Japan’s most powerful business lobby on Thursday called on member companies to introduce a four-day workweek and seek flexible ways to hold upcoming shareholders meetings as part of guidelines on how to prevent the spread of the novel coronavirus.
The Japan Business Federation, known as Keidanren, compiled the guidelines as the government the same day decided to lift a state of emergency for 39 of the country’s 47 prefectures, a move that will restart economic activity. Major business regions such as Tokyo and Osaka, however, will remain under the state of emergency.
The federation recommended the introduction of a four-day workweek and the promotion of teleworking as well as flexible business hours and working shifts as ways to ease congestion on public transportation.
The business lobby also urged companies to consider ways to hold shareholders meetings without them gathering, such as by allowing them to exercise voting rights beforehand. Many Japanese companies hold shareholders meetings in late June.
Companies were also advised to suspend nonessential business trips and conduct meetings and interviews or seminars with job-seekers online.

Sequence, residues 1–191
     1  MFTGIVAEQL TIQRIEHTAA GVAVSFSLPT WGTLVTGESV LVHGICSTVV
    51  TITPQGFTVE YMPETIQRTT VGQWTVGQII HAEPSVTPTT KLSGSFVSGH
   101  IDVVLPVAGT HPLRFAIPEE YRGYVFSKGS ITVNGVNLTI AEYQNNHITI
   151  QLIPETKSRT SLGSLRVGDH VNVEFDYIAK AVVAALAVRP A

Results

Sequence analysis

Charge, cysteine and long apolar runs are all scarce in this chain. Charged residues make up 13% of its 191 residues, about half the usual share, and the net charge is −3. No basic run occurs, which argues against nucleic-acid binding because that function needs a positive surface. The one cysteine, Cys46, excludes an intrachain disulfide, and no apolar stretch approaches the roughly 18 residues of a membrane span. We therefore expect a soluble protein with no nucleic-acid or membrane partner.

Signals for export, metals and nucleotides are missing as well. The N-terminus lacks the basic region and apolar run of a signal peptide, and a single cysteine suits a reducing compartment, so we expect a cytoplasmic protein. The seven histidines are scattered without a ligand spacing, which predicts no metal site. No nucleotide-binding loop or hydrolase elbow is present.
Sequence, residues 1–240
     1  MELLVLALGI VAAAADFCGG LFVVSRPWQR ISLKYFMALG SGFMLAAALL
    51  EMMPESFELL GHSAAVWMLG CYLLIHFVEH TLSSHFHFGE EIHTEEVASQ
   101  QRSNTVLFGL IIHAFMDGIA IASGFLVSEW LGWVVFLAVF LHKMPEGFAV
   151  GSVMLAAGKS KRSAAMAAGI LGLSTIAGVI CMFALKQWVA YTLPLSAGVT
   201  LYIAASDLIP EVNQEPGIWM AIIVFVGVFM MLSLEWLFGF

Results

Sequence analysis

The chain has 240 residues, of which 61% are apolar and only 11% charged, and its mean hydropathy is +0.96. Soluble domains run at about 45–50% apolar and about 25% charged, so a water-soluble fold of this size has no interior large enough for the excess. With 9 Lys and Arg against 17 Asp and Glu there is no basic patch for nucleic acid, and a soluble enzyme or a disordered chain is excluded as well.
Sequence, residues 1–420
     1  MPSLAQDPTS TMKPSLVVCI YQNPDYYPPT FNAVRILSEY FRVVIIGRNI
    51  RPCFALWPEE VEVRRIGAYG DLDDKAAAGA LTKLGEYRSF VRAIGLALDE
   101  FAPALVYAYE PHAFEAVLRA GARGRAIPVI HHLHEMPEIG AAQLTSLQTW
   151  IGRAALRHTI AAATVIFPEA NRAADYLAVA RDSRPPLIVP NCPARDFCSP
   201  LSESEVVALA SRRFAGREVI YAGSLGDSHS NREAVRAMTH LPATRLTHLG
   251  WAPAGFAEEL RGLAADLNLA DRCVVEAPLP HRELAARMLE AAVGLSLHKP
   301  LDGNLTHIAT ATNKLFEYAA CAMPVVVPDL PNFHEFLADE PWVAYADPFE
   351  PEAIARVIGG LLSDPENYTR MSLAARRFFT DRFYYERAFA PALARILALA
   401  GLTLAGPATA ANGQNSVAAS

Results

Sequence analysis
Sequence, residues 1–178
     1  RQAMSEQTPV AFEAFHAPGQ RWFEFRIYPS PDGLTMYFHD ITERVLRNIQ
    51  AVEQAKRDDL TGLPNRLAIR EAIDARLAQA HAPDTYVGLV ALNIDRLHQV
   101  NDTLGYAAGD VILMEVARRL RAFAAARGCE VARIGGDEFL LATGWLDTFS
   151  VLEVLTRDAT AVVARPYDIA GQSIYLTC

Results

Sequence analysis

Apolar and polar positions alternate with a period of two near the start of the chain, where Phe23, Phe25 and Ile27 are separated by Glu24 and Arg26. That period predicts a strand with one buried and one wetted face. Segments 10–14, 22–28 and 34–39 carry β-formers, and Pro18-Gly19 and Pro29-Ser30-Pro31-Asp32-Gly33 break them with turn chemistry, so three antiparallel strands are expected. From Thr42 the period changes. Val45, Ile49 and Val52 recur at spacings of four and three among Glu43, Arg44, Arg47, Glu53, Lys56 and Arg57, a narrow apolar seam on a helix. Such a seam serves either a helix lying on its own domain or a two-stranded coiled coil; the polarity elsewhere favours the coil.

“While companies are required to promote steps to prevent the spread of infections, they are also expected to strengthen efforts to contribute to public life through business operations” the federation said in a release.
Major companies, including Nissan Motor Co. and Toshiba Corp., have suspended or scaled back operations, as Prime Minister Shinzo Abe in early April declared a one-month state of emergency until May 6 for seven urban areas hit hard by the virus.
The prime minister expanded the state of emergency to the whole country on April 16 and extended it to May 31. But Abe said on Thursday Japan will lift the state of emergency in 39 prefectures where the spread of the novel coronavirus had been kept in check.
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